This is the ninth instalment in our Top 10 Issues for Employers series. This instalment addresses privacy risks and best practices for employers with respect to the management of personal employee information.


Rapid advances in technology have made it possible for employers to collect all kinds of information during the employment relationship. The information collected about an employee may be limited to the standard contents of his or her personnel file, but often also includes broader data, such as swipe card information and security footage. As a result, it is increasingly important to understand how the collection, use and disclosure of personal employee information is regulated under Canada’s patchwork of privacy legislation and by the common law courts.


Privacy legislation in Canada (as it relates to employee information) only extends to certain types of employers and within specific Canadian jurisdictions. The Personal Information Protection and Electronic Documents Act (PIPEDA) only applies to federally regulated employers in the context of collecting, using and disclosing personal employee information for employment purposes. Alberta, British Columbia, and Quebec have also passed comprehensive privacy legislation, applying to all provincially regulated employers in those provinces. The Alberta and British Columbia legislation is known in both provinces as the Personal Information Protection Act (PIPA), while Quebec’s provincially regulated employers are subject to the Act respecting the protection of personal information in the private sector.

Certain other provinces have passed personal health information protection legislation, but do not have the same kind of comprehensive privacy statute. As a result, in those provinces, the collection, use and disclosure of personal employee information is governed primarily by the common law courts. For example, in 2012, the Supreme Court of Canada established that employees are entitled to “a reasonable expectation of privacy” in the workplace, and in that same year the Ontario Court of Appeal recognized an intrusion upon seclusion or invasion of privacy as a common law tort.


Not all information is “personal information” under privacy statutes, but the term has been broadly defined to mean any information about an identifiable individual. Information may be about an identifiable individual where there is a serious possibility that an individual could be identified through the use of that information, alone or in combination with other information. However, an individual’s “business contact information” is not personal information if it is collected, used or disclosed for the sole purpose of communications relating to that individual’s employment.


Under the various privacy statutes, employers are generally required to seek employee consent — or at a minimum provide advance notification — for the collection, use and disclosure of personal employee information, with some limited exceptions. Recent amendments to PIPEDA allow federal businesses to collect, use or disclose personal information necessary to establish, manage or terminate an employment relationship without consent, provided that the individual has been informed that his or her personal information may be collected, used or disclosed for this purpose. In addition, information produced by an employee in the course of their employment, business or profession is also permitted to be collected, used or disclosed without consent so long as the collection is consistent with the purposes for which the information was produced.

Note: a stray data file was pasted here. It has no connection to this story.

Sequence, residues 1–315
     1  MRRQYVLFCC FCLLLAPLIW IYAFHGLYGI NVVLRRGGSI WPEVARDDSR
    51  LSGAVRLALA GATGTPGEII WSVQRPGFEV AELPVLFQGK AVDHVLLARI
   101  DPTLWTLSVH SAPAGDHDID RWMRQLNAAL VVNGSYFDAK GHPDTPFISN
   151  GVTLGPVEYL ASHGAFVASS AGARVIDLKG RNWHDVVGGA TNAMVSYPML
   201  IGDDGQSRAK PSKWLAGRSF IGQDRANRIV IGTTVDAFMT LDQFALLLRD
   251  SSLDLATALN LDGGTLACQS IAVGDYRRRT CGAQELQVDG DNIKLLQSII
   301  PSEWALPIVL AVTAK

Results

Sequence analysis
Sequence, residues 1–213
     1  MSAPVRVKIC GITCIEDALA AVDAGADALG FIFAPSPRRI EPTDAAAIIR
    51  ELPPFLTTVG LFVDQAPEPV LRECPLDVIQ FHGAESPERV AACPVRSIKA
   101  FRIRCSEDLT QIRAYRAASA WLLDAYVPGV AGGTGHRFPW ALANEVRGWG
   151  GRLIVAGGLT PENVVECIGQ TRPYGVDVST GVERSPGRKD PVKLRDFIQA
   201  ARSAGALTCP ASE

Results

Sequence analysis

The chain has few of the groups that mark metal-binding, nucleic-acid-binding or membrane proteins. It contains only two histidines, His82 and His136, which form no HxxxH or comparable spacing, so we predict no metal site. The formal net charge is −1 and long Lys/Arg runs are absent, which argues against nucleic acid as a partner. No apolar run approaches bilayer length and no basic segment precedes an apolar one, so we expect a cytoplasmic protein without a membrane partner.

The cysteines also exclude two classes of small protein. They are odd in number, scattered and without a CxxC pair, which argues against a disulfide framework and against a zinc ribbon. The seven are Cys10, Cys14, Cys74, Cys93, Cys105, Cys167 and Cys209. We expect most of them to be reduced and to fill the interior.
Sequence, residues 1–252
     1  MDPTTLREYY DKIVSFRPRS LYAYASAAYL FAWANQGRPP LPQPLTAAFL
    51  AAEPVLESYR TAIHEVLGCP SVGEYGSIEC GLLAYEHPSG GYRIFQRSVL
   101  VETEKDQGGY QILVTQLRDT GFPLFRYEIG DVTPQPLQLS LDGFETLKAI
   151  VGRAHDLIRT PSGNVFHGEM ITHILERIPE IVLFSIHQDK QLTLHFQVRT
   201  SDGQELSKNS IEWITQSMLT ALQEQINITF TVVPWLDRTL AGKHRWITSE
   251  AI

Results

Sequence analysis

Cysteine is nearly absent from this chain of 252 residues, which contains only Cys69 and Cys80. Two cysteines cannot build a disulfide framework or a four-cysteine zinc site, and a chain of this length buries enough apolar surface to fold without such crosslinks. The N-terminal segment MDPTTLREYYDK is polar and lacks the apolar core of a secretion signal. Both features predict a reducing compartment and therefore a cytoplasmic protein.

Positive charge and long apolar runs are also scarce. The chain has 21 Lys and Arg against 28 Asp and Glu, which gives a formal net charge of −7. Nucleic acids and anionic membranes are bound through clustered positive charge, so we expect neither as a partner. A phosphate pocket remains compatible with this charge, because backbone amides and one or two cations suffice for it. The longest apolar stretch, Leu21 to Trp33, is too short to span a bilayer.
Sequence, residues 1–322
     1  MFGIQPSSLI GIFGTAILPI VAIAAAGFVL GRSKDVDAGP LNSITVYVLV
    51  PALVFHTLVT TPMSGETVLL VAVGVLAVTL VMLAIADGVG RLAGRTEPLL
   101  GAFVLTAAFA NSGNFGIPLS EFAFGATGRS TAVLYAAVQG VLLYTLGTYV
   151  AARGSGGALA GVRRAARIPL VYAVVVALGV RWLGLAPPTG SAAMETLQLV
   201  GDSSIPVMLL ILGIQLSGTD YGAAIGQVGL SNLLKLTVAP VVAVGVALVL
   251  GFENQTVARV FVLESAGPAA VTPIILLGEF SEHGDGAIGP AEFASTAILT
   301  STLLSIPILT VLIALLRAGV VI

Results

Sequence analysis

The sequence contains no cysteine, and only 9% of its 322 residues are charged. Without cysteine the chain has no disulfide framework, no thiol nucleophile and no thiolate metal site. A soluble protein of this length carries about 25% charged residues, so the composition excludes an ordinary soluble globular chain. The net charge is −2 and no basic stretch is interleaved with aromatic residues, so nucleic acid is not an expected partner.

Under the privacy statutes, employees have a right to request information about, and access to, any of their personal information collected by their employer. Access requests can only be refused in limited circumstances, such as where the information was generated in the course of a formal dispute resolution process, it would reveal confidential commercial information, or it is protected by solicitor-client privilege.


Personal employee information should be retained only as long as necessary for the fulfilment of the purposes for which it was collected. Nevertheless, where personal information was used to make a decision about an individual, it should be retained for the legally required period of time thereafter (or other reasonable amount of time in the absence of legislative requirements) to allow the individual to access that information in order to understand, and possibly challenge, the basis for the decision. For example, employers may retain information about former employees for at least as long as the limitation period for wrongful dismissal claims.


The following best practices will assist employers in maintaining compliance with privacy legislation and avoiding tort claims:

  • Introduce or update your employee privacy policy. A properly drafted policy will allow an employer to take the position that there has been implied consent or a notification to the employees with respect to collections, uses and disclosures of their personal information.
  • Introduce or update a retention policy. Most provincial employment standards legislation provide prescribed time periods for the retention of certain employment information.
  • Update contracts with third-party providers. Employers may be held responsible for the use or disclosure of personal employee information that is sent to third-party partners or vendors (e.g., payroll processors and benefits providers). It is worthwhile to ensure that third parties are bound (contractually or by other means) to protect the information received.
  • Introduce and regularly update physical and technological security measures to prevent unauthorized access to employment information.
  • Provide regular privacy training and education to employees to increase awareness of privacy risks and promote the use of security safeguards.